In Review: The Star Wars #0
The cover: A very cool cover by Nick Runge showcasing Kane Starkiller, with son Annakin and Princess Leia below. Two Stardestroyers fly on their left. I like that only Kane is partially colored making him really stand out. I’ve always enjoyed looking at “sketch” artwork like this, so this was a good cover for me. Overall grade: A
The story: There is no story in this book, nor is there any credit given to the individual who provided the text. What this zero issue does is show the design process that The Star Wars went through before it was published. Consider this as a primer for the series and an example of design work. Focus is given to The Starkillers, Luke Skywalker, Allies, Bring On the Bad Guys, The Sith, Other Forces of the Empire, Aquilaen Fighters, Imperial Stardestroyers, Pilots, Baltarian Freighter, The Imperial Capital, Imperial Air Tanks, And So Much More… Each section is a page or two long with explanations given as to why certain designs were used, negated, or tweaked. Creating a universe obviously couldn’t have been done on the wing and this shows how it was done. Additionally, the final ten pages of the book are what was shown to George Lucas to get his blessing on the series. To quote from the text, “These were produced from a plot-style script by J.W. Rinzler, highlighting key scenes from the original screenplay. Most of these scenes have already occurred in the series, but a few are still “new.” There’s no text on these pages but they are interesting to see what was pitched. I wish Dark Horse had given credit to the writer of this issue. Overall grade: A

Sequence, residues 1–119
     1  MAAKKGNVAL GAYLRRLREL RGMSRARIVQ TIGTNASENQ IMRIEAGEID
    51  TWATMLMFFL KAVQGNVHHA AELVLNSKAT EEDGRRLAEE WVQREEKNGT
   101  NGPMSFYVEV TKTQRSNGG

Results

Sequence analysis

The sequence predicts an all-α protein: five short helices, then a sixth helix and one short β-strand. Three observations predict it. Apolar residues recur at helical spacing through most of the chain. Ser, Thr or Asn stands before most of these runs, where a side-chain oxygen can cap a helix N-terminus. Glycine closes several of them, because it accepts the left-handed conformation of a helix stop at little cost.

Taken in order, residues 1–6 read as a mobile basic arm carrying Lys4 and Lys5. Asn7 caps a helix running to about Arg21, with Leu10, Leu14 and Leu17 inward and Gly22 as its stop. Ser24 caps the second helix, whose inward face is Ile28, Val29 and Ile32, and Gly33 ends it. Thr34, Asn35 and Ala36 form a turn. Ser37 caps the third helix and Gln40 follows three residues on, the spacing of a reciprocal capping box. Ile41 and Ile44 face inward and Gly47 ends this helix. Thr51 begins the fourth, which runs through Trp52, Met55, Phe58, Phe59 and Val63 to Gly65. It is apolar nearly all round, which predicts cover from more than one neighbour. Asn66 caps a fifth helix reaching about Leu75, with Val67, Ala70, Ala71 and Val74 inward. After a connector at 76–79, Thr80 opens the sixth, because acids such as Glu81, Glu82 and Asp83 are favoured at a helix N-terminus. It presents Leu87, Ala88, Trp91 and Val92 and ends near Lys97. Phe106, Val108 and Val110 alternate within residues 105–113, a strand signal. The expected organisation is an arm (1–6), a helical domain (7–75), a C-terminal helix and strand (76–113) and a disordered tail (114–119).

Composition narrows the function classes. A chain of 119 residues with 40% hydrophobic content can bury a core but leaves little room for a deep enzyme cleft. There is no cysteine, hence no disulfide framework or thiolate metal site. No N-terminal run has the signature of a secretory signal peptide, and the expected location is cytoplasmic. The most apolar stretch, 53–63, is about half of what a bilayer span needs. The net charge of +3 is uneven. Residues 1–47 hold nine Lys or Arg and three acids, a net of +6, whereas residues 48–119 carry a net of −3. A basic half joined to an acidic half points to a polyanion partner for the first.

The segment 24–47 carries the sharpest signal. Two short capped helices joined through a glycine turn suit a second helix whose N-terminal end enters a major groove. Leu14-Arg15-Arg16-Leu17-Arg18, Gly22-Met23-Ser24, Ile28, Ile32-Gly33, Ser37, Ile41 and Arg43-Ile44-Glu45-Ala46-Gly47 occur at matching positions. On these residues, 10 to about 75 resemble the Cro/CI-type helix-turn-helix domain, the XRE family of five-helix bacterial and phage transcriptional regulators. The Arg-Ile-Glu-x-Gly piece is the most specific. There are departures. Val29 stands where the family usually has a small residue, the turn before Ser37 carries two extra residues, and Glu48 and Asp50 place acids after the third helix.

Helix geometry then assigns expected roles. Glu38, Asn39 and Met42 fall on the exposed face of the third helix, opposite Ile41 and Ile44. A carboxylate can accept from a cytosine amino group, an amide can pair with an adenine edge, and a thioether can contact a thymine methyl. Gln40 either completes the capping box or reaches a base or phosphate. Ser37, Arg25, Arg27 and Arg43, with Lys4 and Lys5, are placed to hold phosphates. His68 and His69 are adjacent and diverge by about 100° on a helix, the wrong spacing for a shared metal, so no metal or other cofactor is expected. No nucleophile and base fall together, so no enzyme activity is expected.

The art: There are several artists and designers credited for the illustrations, but, sadly, each piece illustration is not credited to the artist. Credit is given on the inside cover to Mike Mayhew, Scott Kolins, Sean Cooke, Kilian Plunkett, Stephane Roux, and Ryan Kinnaird. I am old enough to have purchased The Art of Star Wars and The Empire Strikes Back Sketchbook which featured design work by Joe Johnston and Nilo Rodis-Jamero. I looked at these drawings forever, wondering what would have happened if some of the pictures in these books had come to life on the big screen. This comic had the same impact on me. There are several sketches to completed pictures that are in the series. I’m sure super fans would have been happier with bigger pictures, but I was happy just to get this taste of what went on behind the scenes. The character sketches were awesome and the ships…I could get lost for days in looking at these. Additionally, there are three sketches for covers by Nick Runge and three of the Variant covers from the first issue, illustrated by Jan Duursema, Douglas Wheatley, and John Cassaday. The final ten pages are the pitch to Lucas, illustrated by Scott Kolins, current penciller of DC’s Larfleeze. Great artwork that communicates emotion without text. This was a visual treat. Overalll grade: A+
The colors: Two credits are given: Rain Beredo and Dan Jackson, but it’s not specified who did what. All I know is that the colored work looks great. The Variant covers are credited to Brad Anderson on the Duursema cover and Dave Stewart on the Cassaday cover. Overall grade: A
The final line: A nice peek behind the curtain that all Star Wars fans will want to own. Overall grade: A
Patrick Hayes was a contributor to the Comic Buyer’s Guide for a few years with “It’s Bound to Happen!” He had to give that up to teach 8th graders English for 19 years. He’s since moved to a high school where he’s taught 9th grade and currently teaches 10th graders English. He reads everything as often as he can, when not grading papers or looking up Star Trek, Star Wars or Indiana Jones items online.